ribosome

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ribosome

 [ri´bo-sōm]
any of the intracellular ribonucleoprotein organelles concerned with protein synthesis, found either bound to cell membranes or free in the cytoplasm. They may occur singly or in clusters (polyribosomes). The genetic code is translated when ribosomes attach to messenger RNA.

ri·bo·some

(rī'bō-sōm),
A granule of ribonucleoprotein, 120-200 Ǻ in diameter, that is the site of protein synthesis from aminoacyl-tRNAs as directed by mRNAs.
Synonym(s): Palade granule

ribosome

(rī′bə-sōm′)
n.
A structure composed of RNA and protein, present in large numbers in the cytoplasm of living cells and serving as the site for assembly of polypeptides encoded by messenger RNA.

ri′bo·so′mal (-sō′məl) adj.

ri·bo·some

(rī'bŏ-sōm)
A granule of ribonucleoprotein, 120-150 Å in diameter, which is the site of protein synthesis from aminoacyl-tRNAs as directed by mRNAs.

ribosome

A spherical cell ORGANELLE made of RNA and protein which is the site of protein synthesis in the cell by linking amino acids into chains. Ribosomes may be free or may be attached to the endoplasmic reticulum. During translation, ribosomes attach to MESSENGER RNA molecules and travel along them, synthesizing polypeptides as they go.

ribosome

a small particle (not an ORGANELLE) found in the cytoplasm of all cells, composed of protein and RIBOSOMAL RNA. Each ribosome is composed of two subunits of different sizes which sediment at different rates during centrifugation (see ULTRACENTRIFUGE). PROKARYOTES have ribosome with 70 S size and mass; EUKARYOTES have larger ribosomes with 80 S size and mass. Ribosomes bind to the 5′ end of MESSENGER RNA (see POLYNUCLEOTIDE CHAIN) and travel towards the 3′ end, with TRANSLATION and POLYPEPTIDE synthesis occurring as they go along. Frequently several ribosomes are attached to one piece of mRNA, forming a POLYRIBOSOME.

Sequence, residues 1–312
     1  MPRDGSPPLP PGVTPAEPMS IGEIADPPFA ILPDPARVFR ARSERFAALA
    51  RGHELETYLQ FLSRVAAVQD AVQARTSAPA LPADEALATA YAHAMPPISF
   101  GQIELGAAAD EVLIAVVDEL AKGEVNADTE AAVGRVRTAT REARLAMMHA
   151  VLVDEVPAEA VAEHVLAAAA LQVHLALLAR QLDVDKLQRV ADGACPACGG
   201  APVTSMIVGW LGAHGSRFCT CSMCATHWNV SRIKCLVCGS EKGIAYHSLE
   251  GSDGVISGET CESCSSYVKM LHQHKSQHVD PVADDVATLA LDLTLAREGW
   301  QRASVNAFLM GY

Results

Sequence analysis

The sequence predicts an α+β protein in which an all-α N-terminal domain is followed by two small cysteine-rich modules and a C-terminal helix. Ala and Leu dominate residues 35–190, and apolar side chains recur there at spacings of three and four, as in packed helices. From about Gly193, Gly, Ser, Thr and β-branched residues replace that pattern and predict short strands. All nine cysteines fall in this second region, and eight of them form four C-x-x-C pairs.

Palade,

George Emil, Romanian-U.S. cell biologist and Nobel laureate, 1912–.
Palade granule - a granule of ribonucleoprotein, the site of protein synthesis from aminoacyl-tRNAs as directed by mRNAs. Synonym(s): ribosome
Weibel-Palade bodies - see under Weibel
References in periodicals archive ?
Tannins remarkably downregulated 44 ribosomal proteins, which is the highest number of ribosomal genes downregulated compared to other previous studies.
Ribosomal DNA plays a critical role in healthy cells and cancer cells alike.
We also found that treatment with hyaluromycin resulted in decreased phosphorylation of ribosomal protein S6, a mediator of PI3K/Akt/mTOR pathway [20].
According to these results, levels of ribosomal protein, transcription factors, and translation factors were found about the same level at both stages.
Our findings reinforce previous reports [25,26] on the occurrence of dysregulated expression among a subset of ribosomal protein genes in NPC.
Further, ribosomal 5.8S gene is generally employed with markers ITS1 and ITS2, which together form the complete region of the transcribed internal spacer (Jousson, Bartoli, Zaninetti, & Pawlowski, 1998).
Altered ribosomal function has been seen in people infected with Epstein-Barr virus, which is strongly associated with chronic fatigue syndrome.
The exact ribosomal function of specific ribosomal proteins is largely unknown (Wool et al.
epidermidis linezolid resistance on various continents have been low and are associated with mutations in the central loop of 23S rRNA V domain or ribosomal proteins (L3, L4, and L22) and with acquisition of the cfr gene, which codifies for ribosomal methyltransferase (1-3).
This notably reduces sequencing reads derived from unwanted transcripts, such as ribosomal RNA, globin and protein-coding RNAs, including housekeeping genes, which leads to cost reduction.
They came up with three ribosomal protein candidates - s11, s15 and s27.